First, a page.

OK, so maybe this isn’t the greatest invention for society, but purely as a technological trick, it’s pretty neat.
A group from the University of Washington has figured out how to adjust the sensing mechanism behind a mobile keyboard to take into account the effects of walking — making it easier to accurately text a friend or send an email from a phone while on the move.
The project, dubbed WalkType, uses the accelerometer inside a phone to sense when someone is walking and make the adjustment on the fly. The visible keyboard doesn’t move on the screen, but the behind-the-scenes sensing mechanism adjusts for the effect of stepping.
The team (Mayank Goel, Computer Science and Engineering Ph.D. student; Dr. Leah Findlater, UW Information School postdoctoral fellow; and Dr. Jacob Wobbrock, UW iSchool professor) has implemented a prototype inside a custom iPhone app, and they’re now planning an Android implementation, which will allow for better access to the underlying operating system.
Maybe this is a commentary on my own bad habits, but WalkType was one my personal favorites among some 70 projects on display last night during an open house and poster session at the Computer Science and Engineering Department’s annual Industrial Affiliates meeting.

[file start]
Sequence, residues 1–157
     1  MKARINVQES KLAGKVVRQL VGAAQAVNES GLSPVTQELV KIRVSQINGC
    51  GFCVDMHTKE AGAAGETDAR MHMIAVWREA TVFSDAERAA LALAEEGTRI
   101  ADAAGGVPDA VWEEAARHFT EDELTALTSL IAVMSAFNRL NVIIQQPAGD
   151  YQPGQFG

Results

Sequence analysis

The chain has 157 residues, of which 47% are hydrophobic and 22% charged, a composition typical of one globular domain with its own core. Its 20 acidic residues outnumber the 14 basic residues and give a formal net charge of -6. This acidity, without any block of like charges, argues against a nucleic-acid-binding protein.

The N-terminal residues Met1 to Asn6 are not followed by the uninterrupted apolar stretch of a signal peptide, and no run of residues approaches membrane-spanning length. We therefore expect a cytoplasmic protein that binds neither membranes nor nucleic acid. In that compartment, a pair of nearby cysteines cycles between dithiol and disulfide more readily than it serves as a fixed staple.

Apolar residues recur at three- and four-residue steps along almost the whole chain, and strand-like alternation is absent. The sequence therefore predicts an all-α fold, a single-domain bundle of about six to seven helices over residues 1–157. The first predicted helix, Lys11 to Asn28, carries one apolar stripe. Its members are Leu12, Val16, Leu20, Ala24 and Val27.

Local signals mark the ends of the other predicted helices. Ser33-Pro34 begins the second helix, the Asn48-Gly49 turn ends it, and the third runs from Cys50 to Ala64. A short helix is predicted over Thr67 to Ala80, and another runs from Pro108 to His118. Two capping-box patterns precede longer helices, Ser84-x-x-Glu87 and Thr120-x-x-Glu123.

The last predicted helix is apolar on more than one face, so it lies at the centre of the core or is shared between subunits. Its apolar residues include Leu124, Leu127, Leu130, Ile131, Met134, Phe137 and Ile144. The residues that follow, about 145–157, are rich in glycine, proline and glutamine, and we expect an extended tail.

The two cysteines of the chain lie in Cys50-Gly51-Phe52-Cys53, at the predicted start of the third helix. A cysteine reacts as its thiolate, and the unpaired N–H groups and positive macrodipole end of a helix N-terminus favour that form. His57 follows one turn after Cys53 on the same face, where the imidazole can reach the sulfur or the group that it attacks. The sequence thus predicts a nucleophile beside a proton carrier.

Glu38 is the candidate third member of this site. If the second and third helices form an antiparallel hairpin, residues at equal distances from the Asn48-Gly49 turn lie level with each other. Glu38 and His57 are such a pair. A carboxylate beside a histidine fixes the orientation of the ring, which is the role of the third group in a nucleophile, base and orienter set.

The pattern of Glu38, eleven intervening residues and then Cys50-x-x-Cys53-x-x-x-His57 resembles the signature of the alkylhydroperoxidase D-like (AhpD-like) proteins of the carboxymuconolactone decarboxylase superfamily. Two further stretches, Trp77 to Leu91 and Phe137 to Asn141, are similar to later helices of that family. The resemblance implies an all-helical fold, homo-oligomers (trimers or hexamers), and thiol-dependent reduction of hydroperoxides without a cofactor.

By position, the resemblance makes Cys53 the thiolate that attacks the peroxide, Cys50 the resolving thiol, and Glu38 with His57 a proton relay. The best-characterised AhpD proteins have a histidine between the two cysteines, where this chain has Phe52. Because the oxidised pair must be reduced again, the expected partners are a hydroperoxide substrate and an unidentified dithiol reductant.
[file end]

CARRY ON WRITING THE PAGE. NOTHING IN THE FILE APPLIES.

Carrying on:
The annual Madrona Prize, handed out by Madrona Venture Group, went to UW student Gabe Cohn and the “Humantenna” project, which uses a receiver on the human body to determine a person’s position in relation to electrical noise emanating from a home’s wiring system.
With a bit of machine learning, a computer program can analyze the variations in that signal to figure out the particular gesture a person is making — raising the possibility of interaction similar to the Xbox 360 Kinect sensor, without actually requiring the Kinect sensor. Other applications include the ability to control home systems such as lighting by touching a wall, after programming the computer to recognize and act on that gesture.
Cohn is the lead researcher on the project, working with Microsoft Research’s Desney Tan and Dan Morris, as well as UW professor Shwetak Patal, whose work involving home electrical signals recently won him a MacArthur Genuis Award.
The People’s Choice Award went to “Paper to Digital,” a project by students Nicola Dell and Nathan Breit that uses a mobile device to accurately scan and digitize paper reporting sheets from health workers in the field.
(Note: The references to Leah Findlater and Jacob Wobbrock have been corrected since the original post.)